Then I fell and hit my head and everything changed.
It’s all so long ago now. Over seven years. A few months after I fell, I remember I was feeling well enough to be out on the living room couch. Maybe it was April? I don’t know. But still, I remember being on the couch in the living room and I was sunk back deep with my Steinberger guitar across my lap and I began to noodle on People Change, a song I had started way back when I lived in Europe, probably 1992. The song had thoroughly flummoxed me for ages, with the middle 8 being an uncrackable bit. True to form, I recorded the song anyway, hoping I would hit on the solution in the process, hoping the work would bring it out, but no matter how I tried, I just could not find chords that flowed. They either set up a section that was too different or not different enough and so I ended up, yet again, with a song I knew could be a lot better but I just could not figure out how to make it so and I was stuck. But on that day in maybe April of 2006 I began to be unstuck. I did not figure out the middle 8 that day, but the ideas I tried were better than any I had tried before. I was encouraged and kept at it.
And the ideas kept coming, not only for People Change but also for brand new songs. And they hit everywhere: when I was out on walks, while I meditated, once during acupuncture and many, many times after getting a cup of coffee at my local Peet’s. It was as though some sort of internal bottleneck had been shattered and the musical ideas planted in my head by all those years of listening to The Beatles and the Stones and Paul Simon and so, so many others could flow from wherever they resided in my brain to where I could process them and work on them and complete them. My doctors even said as much might be true. They mused that somehow my accident had disrupted the communication between my older, emotional brain (cerebellum) and my modern, rational brain (cerebral cortex). Or maybe it was just that I had more time on my hands, also a theory my doctors put forth. Regardless, by the end of that first year after my accident, I had more than enough songs to do an album. I figured what the hell. I had gone on disability from work and had plenty of time so I scheduled two days to record bass and drums at a friend’s studio, guessing my total production time would be maybe a week.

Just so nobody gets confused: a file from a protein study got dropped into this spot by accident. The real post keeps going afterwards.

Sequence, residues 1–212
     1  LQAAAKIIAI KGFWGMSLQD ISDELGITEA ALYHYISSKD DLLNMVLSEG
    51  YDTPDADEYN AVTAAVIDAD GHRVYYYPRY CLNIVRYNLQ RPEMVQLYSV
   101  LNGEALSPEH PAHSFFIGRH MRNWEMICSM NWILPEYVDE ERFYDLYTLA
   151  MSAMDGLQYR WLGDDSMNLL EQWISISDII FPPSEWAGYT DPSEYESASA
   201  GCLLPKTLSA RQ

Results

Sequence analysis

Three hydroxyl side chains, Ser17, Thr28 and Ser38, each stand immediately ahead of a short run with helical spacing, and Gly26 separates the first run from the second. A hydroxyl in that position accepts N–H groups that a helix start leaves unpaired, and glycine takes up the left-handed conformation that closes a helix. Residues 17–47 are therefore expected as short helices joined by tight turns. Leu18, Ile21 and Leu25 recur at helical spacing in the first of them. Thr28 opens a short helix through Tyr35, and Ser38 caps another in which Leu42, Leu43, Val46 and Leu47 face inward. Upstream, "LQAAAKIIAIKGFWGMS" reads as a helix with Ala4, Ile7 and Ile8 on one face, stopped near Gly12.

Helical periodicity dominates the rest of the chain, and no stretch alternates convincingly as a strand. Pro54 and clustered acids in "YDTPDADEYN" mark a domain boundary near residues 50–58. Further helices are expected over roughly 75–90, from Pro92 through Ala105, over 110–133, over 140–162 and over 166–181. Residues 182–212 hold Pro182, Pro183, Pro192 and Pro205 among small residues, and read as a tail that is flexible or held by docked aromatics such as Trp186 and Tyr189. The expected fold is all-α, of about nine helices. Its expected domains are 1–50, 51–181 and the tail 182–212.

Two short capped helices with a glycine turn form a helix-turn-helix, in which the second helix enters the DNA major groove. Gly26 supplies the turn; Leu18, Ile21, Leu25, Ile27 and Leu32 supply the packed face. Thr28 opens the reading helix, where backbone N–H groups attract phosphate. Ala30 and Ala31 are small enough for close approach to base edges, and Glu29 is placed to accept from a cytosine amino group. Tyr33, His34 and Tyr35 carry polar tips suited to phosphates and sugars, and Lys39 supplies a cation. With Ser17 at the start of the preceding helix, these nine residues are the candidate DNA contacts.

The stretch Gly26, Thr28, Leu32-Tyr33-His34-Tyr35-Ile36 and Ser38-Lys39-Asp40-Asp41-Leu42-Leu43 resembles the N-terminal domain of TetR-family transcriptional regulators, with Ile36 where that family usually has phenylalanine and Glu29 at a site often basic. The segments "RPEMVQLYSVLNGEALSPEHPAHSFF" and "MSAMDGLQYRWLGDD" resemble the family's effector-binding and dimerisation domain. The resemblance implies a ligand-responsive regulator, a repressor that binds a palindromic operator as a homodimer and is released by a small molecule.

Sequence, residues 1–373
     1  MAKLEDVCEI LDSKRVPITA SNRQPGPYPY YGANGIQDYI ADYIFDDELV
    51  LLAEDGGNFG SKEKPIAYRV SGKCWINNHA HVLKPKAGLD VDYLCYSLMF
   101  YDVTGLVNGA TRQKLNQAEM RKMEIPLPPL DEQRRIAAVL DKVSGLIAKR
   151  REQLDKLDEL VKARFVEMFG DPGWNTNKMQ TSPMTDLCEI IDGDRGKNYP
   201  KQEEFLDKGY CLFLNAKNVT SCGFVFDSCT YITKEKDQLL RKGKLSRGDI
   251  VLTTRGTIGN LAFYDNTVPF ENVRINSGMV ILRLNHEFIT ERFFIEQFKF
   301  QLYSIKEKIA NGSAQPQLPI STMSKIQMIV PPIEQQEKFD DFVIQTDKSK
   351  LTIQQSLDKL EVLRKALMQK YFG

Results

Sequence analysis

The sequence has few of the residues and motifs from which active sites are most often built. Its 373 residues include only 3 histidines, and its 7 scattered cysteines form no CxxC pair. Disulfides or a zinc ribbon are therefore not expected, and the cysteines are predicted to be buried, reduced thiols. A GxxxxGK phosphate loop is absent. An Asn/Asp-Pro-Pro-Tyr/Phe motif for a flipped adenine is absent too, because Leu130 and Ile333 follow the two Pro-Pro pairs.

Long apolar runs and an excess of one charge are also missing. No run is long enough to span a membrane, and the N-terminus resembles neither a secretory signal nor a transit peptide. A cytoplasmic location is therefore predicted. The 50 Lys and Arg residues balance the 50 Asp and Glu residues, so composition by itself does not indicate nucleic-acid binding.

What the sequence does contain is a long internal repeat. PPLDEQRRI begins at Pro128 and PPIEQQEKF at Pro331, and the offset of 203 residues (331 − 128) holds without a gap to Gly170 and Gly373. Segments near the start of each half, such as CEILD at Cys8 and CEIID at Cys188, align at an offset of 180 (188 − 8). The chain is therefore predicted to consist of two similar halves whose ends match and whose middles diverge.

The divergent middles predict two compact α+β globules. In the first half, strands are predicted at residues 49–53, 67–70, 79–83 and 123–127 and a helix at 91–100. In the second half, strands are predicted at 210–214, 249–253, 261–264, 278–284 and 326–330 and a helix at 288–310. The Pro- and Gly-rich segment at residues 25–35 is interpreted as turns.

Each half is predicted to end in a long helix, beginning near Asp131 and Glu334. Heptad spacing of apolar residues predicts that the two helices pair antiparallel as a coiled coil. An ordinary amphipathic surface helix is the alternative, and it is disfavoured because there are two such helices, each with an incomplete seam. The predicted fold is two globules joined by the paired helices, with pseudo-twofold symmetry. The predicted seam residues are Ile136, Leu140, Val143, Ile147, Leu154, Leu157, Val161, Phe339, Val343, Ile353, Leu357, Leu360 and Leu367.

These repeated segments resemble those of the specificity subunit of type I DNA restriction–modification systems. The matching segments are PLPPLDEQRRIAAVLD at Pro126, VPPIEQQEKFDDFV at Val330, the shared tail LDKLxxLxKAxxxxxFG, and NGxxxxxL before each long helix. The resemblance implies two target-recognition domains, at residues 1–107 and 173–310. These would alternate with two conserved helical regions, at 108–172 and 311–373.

Planning has never been my strong suit. Production actually took about 6 years — with breaks for health issues, innovative brain therapy in Madison, Wisconsin, freelance ad gigs, my wedding, my honeymoon, hyperbaric oxygen therapy, babies (the stork brought Catherine and me twins on December 5, 2010), complex legal proceedings, and a side musical project called Deep Salvage. Thinking back on the whole process, if there is one person more responsible than any other for helping me along the way, for keeping my hopes and spirits up, for comforting me during bad times and celebrating with me during the good it’s Catherine. At the beginning of this journey, we were boyfriend and girlfriend and now we are not only husband and wife but also parents. Catherine, I love you very much and I could not have done this without you. For the first time in my life, I’m making music I’m proud of and I thank you from the bottom of my heart for being forever encouraging (even though I’ve spent an obscene amount of money!).